This is a summary of the European public assessment report (EPAR) for Omnitrope. It explains how the Agency assessed the medicine to recommend its authorisation in the EU and its conditions of use. It is not intended to provide practical advice on how to use Omnitrope.
For practical information about using Omnitrope, patients should read the package leaflet or contact their doctor or pharmacist.
Omnitrope : EPAR - Summary for the public (PDF/83.85 KB)
First published: 23/04/2008
Last updated: 06/03/2018
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This is a biosimilar medicine, which is a biological medicine highly similar to another already approved biological medicine called the ‘reference medicine’. For more information, see Biosimilar medicines.
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27/02/2018 Omnitrope - EMEA/H/C/000607 - PSUSA/00002772/201703
- Annex I - Summary of product characteristics
- Annex IIA - Manufacturing-authorisation holder responsible for batch release
- Annex IIB - Conditions of the marketing authorisation
- Annex IIIA - Labelling
- Annex IIIB - Package leaflet
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Infants, children and adolescents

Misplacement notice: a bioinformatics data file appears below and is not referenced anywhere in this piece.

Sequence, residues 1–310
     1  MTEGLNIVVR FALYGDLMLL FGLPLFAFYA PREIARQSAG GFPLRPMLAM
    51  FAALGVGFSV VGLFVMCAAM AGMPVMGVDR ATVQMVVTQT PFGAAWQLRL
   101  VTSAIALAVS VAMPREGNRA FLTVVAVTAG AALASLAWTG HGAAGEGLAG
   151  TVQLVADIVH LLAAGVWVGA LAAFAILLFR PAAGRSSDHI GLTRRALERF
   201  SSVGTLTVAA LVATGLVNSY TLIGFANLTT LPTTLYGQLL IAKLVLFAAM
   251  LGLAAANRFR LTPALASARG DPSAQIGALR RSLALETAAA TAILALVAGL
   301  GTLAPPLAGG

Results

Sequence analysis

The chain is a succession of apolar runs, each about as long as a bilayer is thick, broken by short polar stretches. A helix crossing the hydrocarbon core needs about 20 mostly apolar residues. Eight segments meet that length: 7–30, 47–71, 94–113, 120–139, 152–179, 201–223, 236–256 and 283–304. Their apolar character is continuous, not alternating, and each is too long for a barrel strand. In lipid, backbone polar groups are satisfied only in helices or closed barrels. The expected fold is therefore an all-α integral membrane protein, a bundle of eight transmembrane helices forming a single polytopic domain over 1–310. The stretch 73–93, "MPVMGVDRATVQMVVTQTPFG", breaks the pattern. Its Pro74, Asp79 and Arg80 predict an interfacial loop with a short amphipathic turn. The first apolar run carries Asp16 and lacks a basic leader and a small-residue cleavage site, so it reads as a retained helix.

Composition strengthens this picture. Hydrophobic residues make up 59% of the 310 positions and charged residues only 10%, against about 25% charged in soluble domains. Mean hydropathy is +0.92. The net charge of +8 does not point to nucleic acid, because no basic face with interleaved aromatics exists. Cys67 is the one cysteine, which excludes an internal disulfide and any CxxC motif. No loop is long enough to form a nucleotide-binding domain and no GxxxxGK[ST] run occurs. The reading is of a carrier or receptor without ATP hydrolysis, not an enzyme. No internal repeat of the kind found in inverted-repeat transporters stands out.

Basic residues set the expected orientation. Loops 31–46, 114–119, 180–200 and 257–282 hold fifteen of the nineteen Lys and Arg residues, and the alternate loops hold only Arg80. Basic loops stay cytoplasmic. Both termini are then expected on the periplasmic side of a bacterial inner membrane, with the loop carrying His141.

- Growth disturbance due to insufficient secretion of growth hormone (GH).
- Growth disturbance associated with Turner syndrome.
- Growth disturbance associated with chronic renal insufficiency.
- Growth disturbance (current height standard-deviation score (SDS) < -2.5 and parental adjusted SDS < -1) in short children / adolescents born small for gestational age (SGA), with a birth weight and / or length below -2 standard deviations (SDs), who failed to show catch-up growth (height velocity (HV) SDS < 0 during the last year) by four years of age or later.
- Prader-Willi syndrome (PWS), for improvement of growth and body composition. The diagnosis of PWS should be confirmed by appropriate genetic testing.
- Replacement therapy in adults with pronounced growth hormone deficiency. Patients with severe growth hormone deficiency in adulthood are defined as patients with known hypothalamic pituitary pathology and at least one known deficiency of a pituitary hormone not being prolactin. These patients should undergo a single dynamic test in order to diagnose or exclude a growth hormone deficiency. In patients with childhood-onset isolated GH deficiency (no evidence of hypothalamic-pituitary disease or cranial irradiation), two dynamic tests should be recommended, except for those having low insulin-like-growth-factor-I (IGF-I) concentrations (SDS < -2) who may be considered for one test. The cut-off point of the dynamic test should be strict.